The risks of unlimited Big Tech power on free speech and democracy

Writing for, Kalev Leetaru, a senior fellow at the George Washington University for Cyber & Homeland Security, argues that the evolution of Big Tech organizations from being ambassadors of free and open speech to an “Orwellian world in which unpopular speech can simply vanish” poses a genuine risk to democracy.

Leetaru, one of three external experts consulted on for Google’s now-infamous “Good Censor” document, argues that the election of Donald Trump as U.S. President marked a watershed moment for the major social media organizations. According to Leetaru, the response was to embrace censorship, seeing it as the “best way to tame a changing electorate”.

Reflecting on the problematic question of what constitutes “hate speech”, Leetaru suggests that Silicon Valley has become increasingly committed to the idea that all hate online is conservative speech. As a result, “the social platforms have transformed a bipartisan fight against hatred into an ideological battle against our societal differences.”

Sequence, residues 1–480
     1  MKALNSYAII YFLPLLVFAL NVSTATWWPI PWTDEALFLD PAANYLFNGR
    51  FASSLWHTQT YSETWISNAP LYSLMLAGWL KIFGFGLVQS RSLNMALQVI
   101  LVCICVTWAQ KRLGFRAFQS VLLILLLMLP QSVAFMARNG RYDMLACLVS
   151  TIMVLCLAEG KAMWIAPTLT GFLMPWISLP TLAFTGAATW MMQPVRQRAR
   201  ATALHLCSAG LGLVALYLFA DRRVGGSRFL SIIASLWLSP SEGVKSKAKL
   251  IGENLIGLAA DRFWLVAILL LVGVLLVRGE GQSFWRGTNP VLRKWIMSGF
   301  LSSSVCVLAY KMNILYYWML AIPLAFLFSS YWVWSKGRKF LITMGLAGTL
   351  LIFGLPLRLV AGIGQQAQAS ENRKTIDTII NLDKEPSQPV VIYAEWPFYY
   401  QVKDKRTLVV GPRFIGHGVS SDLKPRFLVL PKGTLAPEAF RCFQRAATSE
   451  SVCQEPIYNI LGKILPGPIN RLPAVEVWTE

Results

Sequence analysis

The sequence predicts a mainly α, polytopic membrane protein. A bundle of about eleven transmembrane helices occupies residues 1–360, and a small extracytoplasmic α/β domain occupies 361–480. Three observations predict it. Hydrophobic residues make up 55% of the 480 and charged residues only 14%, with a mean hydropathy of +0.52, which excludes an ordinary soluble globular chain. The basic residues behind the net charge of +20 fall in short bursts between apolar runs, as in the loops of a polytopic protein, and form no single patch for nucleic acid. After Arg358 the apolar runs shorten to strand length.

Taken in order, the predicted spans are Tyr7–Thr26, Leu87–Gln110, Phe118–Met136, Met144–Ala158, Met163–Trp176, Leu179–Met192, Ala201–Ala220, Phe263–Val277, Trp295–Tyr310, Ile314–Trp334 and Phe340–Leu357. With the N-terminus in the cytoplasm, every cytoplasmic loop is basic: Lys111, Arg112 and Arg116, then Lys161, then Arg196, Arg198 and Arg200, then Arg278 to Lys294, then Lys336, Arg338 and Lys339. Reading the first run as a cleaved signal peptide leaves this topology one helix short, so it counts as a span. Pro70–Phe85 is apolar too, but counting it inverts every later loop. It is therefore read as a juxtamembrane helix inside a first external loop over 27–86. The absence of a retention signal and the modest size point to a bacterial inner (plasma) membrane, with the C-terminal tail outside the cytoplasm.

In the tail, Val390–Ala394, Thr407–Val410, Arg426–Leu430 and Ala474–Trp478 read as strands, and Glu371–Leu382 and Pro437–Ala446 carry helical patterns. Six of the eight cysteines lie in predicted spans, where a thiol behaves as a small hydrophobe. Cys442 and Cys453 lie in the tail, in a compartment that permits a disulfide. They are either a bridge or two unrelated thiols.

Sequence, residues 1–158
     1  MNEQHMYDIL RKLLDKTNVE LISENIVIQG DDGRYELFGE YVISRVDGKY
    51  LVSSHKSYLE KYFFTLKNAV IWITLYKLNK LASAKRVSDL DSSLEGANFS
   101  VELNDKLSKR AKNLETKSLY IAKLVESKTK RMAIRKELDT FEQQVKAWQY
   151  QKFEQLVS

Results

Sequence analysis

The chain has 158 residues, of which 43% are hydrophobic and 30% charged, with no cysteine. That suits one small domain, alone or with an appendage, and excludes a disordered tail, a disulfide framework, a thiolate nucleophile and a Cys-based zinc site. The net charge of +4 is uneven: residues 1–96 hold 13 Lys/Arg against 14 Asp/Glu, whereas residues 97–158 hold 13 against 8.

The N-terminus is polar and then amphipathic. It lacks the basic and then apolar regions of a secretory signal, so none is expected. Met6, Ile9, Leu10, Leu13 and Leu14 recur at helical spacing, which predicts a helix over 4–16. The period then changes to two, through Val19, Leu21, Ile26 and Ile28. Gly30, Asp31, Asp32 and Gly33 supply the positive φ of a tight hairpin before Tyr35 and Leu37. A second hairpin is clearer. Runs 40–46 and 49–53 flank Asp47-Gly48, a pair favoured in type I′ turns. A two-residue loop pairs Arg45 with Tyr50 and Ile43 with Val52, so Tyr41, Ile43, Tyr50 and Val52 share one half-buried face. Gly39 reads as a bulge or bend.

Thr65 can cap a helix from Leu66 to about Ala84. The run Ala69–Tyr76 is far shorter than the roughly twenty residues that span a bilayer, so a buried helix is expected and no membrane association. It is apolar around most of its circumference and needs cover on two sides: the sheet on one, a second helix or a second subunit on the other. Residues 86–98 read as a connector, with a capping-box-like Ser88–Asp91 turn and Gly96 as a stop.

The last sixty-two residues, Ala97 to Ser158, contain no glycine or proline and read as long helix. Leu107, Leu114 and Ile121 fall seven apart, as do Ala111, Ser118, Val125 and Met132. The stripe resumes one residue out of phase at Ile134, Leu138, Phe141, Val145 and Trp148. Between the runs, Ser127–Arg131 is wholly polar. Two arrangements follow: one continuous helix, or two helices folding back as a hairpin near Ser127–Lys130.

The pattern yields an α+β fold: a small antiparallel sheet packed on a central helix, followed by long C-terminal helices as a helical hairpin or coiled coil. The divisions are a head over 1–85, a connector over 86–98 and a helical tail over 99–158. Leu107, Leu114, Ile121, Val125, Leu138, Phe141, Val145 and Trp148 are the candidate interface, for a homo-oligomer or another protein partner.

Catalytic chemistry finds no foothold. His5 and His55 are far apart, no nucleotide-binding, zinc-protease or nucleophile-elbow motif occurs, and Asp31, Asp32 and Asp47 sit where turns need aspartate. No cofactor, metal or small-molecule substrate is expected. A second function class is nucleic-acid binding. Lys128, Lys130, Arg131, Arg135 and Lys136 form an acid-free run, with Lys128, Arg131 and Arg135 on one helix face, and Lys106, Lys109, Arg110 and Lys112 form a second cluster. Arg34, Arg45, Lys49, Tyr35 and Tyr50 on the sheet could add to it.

Leetaru concludes by reflecting on the recent, problematic, role of Facebook in shaping political discourse in the U.S. He writes:

Perhaps most dangerous of all, Facebook has increasingly begun to leverage its power to directly interfere in the voting process itself. Across the world, the company now sends get-out-the-vote reminders that it has shown to have a significant impact on voting behavior, yet it is unable to explain why not all voters see the messages or prove that the reminders do not result in a partisan skew.

To read the full article by Kalev Leetaru, click here.


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1 Response

  1. panicprevention says:

    Agree with alot of what Leetaru says here. The second FB tried to involve itself in politics (even if that came from an originally neutral position), it was asking for trouble. Encouraging people to vote will naturally lead them to a partisan position.

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